Pakistan has always suffered when it comes to ensuring its elite cough up and pay due taxes. Towards this end, Khan introduced an amnesty scheme to encourage the citizenry to declare assets and pay tax accordingly. The upshot being that 137,000 people have reportedly registered under the pilot; resulting in Rs 70 billion collected in taxes and declaration of assets worth some Rs 3,000 billion.

The IMF, however, pooh-poohed designs to extend the programme on the grounds that it would hurt taxpayers’ morale and sense of fair play. But in a nation where less than one percent of the population traditionally pays tax — there was perhaps no need to pull the plug on this welcome initiative. The Fund appears to be prioritising its own repayment concerns.

And herein lies the rub. Interest on IMF loans are notoriously high and oftentimes exceed initial cash injections. As such, these have been blamed for crippling entire economies; particularly in Latin America. Under this model, states are actively encouraged to pursue export-led growth to service debts. With FDI (foreign direct investment) identified as the fastest way to realise this. Thereby provoking a perilous ‘race to the bottom’ as countries more or less do away with social and environmental protection costs in order to render their respective markets more competitive. All the better to attract MNCs (multi-national companies) keen to set up shop and take advantage of lax labour laws; among other ‘perks’. In this case, it is a path best not followed. For Pakistan is already well-known for failing to safeguard workers’ rights. From the all too routine deaths of coalminers. To media owners paying employees on a seemingly ad hoc basis.

More than a passing glance at the bigger picture is therefore required; going beyond recovery of looted wealth. Because if the country is to have even the slightest chance of becoming a viable and self-sustaining economy, the Centre must focus on transforming it into a regional manufacturing hub.

CPEC has helped out with infrastructure projects and the like; for more than a pretty penny. Similarly, important land reforms are imperative to eradicating antiquated yet prevailing notions of bonded labour. It is also about time that domestic workers were fully mainstreamed and that international commitments outlawing the practice of child labour upheld. Naturally, tangible results would not be seen for two or three generations. None of which fits in with the IMF timetable.

Of course, there are those who are wont to talk of Islamabad’s reduced leverage when dealing with the Fund. For the Musharraf era is long gone. And with it the country’s status as a prized US ally in the fight against global terrorism. Yet this had much to do with the personal rapport between the latter and a certain son of a Bush. Indeed, once out of office and out of action, the good general ‘fessed up to having redirected a cool $10 bn in American counter-terrorism aid earmarked for fighting the Taliban and Al-Qaeda to strengthen anti-India defences; effectively fudging the national budget. Thereby accounting for artificial increases in GDP per capita growth during this period.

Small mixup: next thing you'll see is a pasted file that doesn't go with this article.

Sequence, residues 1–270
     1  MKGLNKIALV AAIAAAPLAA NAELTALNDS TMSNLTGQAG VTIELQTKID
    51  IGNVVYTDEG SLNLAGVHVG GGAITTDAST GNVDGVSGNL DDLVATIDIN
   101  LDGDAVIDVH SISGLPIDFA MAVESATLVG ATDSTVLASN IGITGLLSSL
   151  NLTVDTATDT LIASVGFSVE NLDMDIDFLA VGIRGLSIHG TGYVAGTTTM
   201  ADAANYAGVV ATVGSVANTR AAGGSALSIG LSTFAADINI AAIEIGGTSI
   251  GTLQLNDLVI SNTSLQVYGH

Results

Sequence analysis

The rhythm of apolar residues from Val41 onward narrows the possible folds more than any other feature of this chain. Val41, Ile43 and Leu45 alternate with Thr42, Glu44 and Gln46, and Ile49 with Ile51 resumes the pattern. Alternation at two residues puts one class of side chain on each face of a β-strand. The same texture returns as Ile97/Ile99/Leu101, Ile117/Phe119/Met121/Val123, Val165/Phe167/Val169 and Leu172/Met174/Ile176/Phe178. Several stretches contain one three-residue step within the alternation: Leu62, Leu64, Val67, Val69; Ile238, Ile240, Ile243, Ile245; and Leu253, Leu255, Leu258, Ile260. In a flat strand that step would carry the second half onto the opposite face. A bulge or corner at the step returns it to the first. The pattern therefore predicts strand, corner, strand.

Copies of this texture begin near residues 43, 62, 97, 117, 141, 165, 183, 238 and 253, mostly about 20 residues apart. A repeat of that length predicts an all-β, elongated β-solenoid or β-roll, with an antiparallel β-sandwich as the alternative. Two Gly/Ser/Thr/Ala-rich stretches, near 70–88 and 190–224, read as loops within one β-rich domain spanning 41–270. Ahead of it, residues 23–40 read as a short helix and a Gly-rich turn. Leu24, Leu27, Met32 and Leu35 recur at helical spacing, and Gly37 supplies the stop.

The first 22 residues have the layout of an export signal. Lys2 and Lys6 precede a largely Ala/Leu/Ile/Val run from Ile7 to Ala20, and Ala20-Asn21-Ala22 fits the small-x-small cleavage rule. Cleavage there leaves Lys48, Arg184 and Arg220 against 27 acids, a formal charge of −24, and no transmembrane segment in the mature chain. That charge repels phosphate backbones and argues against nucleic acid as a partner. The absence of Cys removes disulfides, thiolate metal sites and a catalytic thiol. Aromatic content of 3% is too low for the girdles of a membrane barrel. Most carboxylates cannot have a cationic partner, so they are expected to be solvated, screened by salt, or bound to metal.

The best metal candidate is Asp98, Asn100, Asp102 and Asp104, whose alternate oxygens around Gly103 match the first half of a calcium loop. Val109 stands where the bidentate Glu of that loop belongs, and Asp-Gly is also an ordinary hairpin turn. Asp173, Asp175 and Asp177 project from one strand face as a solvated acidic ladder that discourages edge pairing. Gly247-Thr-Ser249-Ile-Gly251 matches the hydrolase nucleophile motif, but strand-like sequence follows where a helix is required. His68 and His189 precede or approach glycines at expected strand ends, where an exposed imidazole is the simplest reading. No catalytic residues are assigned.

Be that as it may, all is not lost. Pakistan still enjoys considerable clout in terms of delivering US geo-strategic ambitions in Afghanistan; that other Khan-Trump Twitter row notwithstanding. Also, its nuclear status acts as a buffer of sorts; meaning that the world powers will not allow the country to teeter over the brink and descend into absolute chaos. But this doesn’t automatically mean that everyone wants to see Islamabad prosper.

Thus those at the helm must do everyone — man, woman and cat alike — a favour and sincerely crack down on home-grown terrorist groups operating both here and abroad as well as choking financing channels to these networks. Moves have already been made in this regard.

On the same day (July 3) that the IMF deal was inked, Pakistani authorities registered 23 cases against Hafiz Saeed, the man believed to be the mastermind of the Mumbai attacks. He and 12 aides were booked for using five trusts to collect funds and donations for banned militant outfit, Lashkar-e-Taiba (LeT).

The naysayers, however, remain sceptical; arguing that action only occurred once the FATF (Financial Action Task Force) president warned that Islamabad could well join Tehran and Pyongyang on the dreaded blacklist come October; the anti- money-laundering watchdog’s next scheduled plenary session.

All that being said, the most pressing issue facing the PTI government is rescheduling loan repayments. To the IMF and those friendly nations that decided to splash the cash and save the economy from completely tanking. This is not to mention Pakistan’s CPEC obligations to the Chinese that are estimated to total a whopping $90 bn (over a 30-year-period against the original outlay of $50 bn).

And with the threat of stagflation forever looming large, analysts warn that the only option will be to go back to those who dug deep and request possible freezes on pending debt burdens; given that 30 percent of annual budgets are reportedly spent on tackling ever-increasing debt. All of which will likely subject Pakistan to the whims of its allies and ongoing inter-regional power plays. Or, put another way, the country’s very sovereignty will be further compromised.

The lesson here is that there is no such thing as free lunch. And if the IMF is picking up the tab — Naya Pakistan will be paying for it on the never-never.